A beloved retail institution in downtown Astoria is changing hands after more than two decades.


The Scandinavian gift shop Finnware has a new owner - but fans needn't worry. The store's traditional and homespun offerings will continue pretty much as before, with a few interesting twists.


Finnware's motto: "siskojen kauppa" says it all about the store's history; the Finnish phrase means "sisters' business." The company was the brainchild of sisters Darlene Warra Bjornsgard and Dorothy Warra Smith, who founded it in Astoria more than 22

Sisters Dorothy Warra Smith (left) and Darlene Warra Bjornsgard have sold Finnware, the Scandinavian gift shop they opened over 22 years ago in Astoria. Photo courtesy of Finnware.

years ago.


Bjornsgard said when they first opened the shop, there were two other Scandinavian themed stores in Astoria, but neither sold very many items from Finland, a country with strong ties to the city's heritage.


Finnware opened, but the sisters were careful not to compete with the other stores and made sure to carry different merchandise.


Now after decades of delighting residents and visitors with a charming shop that is an oasis of Scandinavian culture, the sisters are ready to let someone else take the reins.


They have left Finnware in good hands. New owner Saara Matthews (maiden-name Carlson) has just the right credentials to take over and continue the store's traditions.


Born and raised in Astoria, her mother was born in Finland, and she has relatives living in that country. Her dad's family also hails from Finland. Growing up, she was very involved in the Scandinavian Midsummer Festival, an annual tradition in Astoria, serving as both junior and senior Miss Finland.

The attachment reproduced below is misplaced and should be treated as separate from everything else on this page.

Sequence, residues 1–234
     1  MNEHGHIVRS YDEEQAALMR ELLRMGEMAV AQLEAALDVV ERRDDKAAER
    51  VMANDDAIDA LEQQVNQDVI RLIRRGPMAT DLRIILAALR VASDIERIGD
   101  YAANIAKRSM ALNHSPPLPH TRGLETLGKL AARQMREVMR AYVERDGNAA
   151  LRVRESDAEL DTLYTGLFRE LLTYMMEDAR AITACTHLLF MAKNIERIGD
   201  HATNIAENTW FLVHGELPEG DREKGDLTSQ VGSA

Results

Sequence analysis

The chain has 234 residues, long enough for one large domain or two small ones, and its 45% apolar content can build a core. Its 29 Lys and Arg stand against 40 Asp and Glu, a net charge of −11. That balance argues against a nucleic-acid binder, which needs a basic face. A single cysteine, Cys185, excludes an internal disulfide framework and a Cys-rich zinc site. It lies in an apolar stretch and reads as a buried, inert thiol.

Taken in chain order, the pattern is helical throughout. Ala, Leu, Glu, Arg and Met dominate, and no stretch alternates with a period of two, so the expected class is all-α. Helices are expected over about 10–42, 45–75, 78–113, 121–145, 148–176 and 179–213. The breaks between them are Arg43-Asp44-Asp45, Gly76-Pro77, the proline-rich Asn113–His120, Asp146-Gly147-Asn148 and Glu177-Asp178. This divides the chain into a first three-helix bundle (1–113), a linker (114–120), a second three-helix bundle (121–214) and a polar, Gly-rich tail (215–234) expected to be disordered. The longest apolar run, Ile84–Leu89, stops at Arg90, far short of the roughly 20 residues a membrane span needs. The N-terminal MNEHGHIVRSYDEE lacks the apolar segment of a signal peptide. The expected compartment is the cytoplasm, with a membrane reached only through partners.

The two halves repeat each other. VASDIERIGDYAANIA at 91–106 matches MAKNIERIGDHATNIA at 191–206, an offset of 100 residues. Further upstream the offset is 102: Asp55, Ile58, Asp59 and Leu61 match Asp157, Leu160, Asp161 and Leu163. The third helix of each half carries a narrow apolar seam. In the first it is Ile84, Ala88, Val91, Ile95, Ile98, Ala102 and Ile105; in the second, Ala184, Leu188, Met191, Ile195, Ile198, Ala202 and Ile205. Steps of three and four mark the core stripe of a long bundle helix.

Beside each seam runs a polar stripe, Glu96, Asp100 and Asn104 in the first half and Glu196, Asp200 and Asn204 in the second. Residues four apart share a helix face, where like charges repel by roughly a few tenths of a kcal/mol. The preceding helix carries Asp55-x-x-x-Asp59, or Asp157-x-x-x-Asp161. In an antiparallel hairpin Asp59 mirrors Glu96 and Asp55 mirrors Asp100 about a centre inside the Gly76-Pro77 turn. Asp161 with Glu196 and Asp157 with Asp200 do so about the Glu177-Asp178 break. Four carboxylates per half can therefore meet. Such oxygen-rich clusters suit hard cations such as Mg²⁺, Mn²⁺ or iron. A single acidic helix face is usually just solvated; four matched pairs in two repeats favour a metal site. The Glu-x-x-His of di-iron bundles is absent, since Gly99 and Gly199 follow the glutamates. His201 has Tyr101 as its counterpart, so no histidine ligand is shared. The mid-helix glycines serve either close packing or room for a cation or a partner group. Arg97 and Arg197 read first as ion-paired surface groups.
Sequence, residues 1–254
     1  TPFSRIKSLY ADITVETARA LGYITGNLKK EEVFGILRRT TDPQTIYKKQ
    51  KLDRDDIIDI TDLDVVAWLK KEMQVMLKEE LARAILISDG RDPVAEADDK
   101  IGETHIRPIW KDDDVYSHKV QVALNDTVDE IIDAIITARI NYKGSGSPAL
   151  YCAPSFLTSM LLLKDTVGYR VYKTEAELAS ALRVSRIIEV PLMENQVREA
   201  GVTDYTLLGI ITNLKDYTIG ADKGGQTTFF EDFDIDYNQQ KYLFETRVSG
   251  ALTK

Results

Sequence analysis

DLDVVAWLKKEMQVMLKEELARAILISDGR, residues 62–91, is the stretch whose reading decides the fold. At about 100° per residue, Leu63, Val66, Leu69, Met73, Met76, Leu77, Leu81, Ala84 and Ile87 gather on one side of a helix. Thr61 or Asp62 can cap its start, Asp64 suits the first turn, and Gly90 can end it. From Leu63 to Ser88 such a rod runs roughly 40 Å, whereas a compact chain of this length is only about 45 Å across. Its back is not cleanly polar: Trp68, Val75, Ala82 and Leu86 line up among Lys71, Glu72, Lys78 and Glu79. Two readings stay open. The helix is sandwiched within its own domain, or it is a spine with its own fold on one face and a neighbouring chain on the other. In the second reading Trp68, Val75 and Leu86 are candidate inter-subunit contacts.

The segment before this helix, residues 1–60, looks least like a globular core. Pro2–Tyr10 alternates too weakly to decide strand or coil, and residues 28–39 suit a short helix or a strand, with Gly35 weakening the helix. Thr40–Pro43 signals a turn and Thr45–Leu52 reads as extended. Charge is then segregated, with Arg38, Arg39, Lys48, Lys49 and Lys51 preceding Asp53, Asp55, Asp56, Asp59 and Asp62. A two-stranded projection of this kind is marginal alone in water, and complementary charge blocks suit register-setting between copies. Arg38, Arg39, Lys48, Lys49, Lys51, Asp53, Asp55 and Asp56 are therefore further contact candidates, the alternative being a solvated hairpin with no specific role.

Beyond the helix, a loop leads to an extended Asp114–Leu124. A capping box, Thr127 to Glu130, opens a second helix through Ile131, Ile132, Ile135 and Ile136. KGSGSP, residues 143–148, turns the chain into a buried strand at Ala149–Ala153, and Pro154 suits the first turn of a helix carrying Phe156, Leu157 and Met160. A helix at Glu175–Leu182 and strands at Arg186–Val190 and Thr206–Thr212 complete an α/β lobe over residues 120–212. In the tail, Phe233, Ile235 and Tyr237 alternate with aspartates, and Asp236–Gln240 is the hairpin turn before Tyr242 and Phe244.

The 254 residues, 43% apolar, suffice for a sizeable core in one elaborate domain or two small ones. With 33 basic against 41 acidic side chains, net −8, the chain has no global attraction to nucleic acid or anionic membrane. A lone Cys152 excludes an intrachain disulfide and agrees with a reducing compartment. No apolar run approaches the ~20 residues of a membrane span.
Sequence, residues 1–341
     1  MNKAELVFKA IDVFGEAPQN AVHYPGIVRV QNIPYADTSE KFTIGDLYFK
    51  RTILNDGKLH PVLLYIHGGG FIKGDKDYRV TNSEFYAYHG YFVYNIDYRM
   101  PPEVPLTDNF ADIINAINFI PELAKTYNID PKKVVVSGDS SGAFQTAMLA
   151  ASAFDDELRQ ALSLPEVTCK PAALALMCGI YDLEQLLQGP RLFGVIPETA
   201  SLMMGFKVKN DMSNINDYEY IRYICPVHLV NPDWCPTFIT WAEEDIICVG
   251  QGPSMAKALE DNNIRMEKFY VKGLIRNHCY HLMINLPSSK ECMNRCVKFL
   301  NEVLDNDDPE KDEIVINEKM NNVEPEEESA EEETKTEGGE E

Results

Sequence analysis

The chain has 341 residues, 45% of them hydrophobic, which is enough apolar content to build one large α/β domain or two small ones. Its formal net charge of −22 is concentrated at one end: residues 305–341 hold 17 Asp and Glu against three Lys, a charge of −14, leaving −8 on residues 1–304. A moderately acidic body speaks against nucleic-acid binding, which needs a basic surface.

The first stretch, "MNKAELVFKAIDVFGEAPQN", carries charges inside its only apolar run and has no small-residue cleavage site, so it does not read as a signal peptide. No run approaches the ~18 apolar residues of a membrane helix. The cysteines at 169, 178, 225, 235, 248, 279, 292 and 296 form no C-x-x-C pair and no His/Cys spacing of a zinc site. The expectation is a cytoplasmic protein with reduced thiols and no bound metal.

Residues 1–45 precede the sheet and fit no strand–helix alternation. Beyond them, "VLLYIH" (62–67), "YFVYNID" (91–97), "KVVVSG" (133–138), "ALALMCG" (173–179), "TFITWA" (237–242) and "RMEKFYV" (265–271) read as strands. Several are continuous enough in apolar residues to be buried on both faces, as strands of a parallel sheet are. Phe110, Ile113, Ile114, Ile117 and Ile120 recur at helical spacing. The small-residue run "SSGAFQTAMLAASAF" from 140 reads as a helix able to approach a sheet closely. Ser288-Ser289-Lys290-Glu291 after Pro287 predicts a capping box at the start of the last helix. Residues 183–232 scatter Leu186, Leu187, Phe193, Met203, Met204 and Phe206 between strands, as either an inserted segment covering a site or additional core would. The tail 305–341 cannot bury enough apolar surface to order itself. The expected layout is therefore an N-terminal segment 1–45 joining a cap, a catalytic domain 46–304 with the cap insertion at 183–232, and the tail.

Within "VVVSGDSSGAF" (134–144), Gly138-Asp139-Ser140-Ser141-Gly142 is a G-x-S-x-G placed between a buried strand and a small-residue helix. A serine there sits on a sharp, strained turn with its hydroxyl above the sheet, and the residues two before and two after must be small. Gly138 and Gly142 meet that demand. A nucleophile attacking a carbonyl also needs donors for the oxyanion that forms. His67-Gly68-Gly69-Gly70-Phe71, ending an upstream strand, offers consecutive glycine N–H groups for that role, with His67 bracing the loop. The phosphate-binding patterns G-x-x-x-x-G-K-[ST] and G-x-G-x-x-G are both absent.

Matthews even spent a year of college study at a university in Tampere, Finnland, and also lived abroad elsewhere in Europe. She moved back to Astoria about 11 years ago.


These days, Matthews is vice chair and booth chairperson for the Scandinavian Midsummer Festival, and is on the board of trustees of the Finnish Brotherhood locally.


Matthews and her husband, Greg, will both be involved in running the business. The couple has three sons.


She had been considering buying the store for about a decade, regularly discussing the idea with Bjornsgard and Smith, but the time wasn't right until recently.


She wants to reassure customers that things will pretty much continue as usual in the store with some interesting additions.


"The most immediate new thing is to bring in the Marimekko line," she said. "It's a Finnish brand - they make fabrics, dishes and purses."


Matthews also plans to add more ethnic food to Finnware's offerings. She said she's nervous, but excited about taking over the store.


"It's huge," she said.


Bjornsgard, on the other hand, said she's looking forward to retirement.


"My total identity is not tied up here. I'm not so naïve to think that somebody else couldn't do it better," she said. "But I know every item here [in the store]."


She's been reassuring worried customers that she and Smith never had any intention to close the shop, but wanted to sell it so it would continue on.


Finnware officially changes hands on at the beginning of May, and on Saturday, May 8, Finnware will hold a "Thank You" day where Bjornsgard and Smith will bid farewell to customers, and shoppers will have an opportunity to meet Matthews. The sisters will stay on through the month to help with the transition.


"We will miss all the people," Bjornsgard said. "It's been a great ride."


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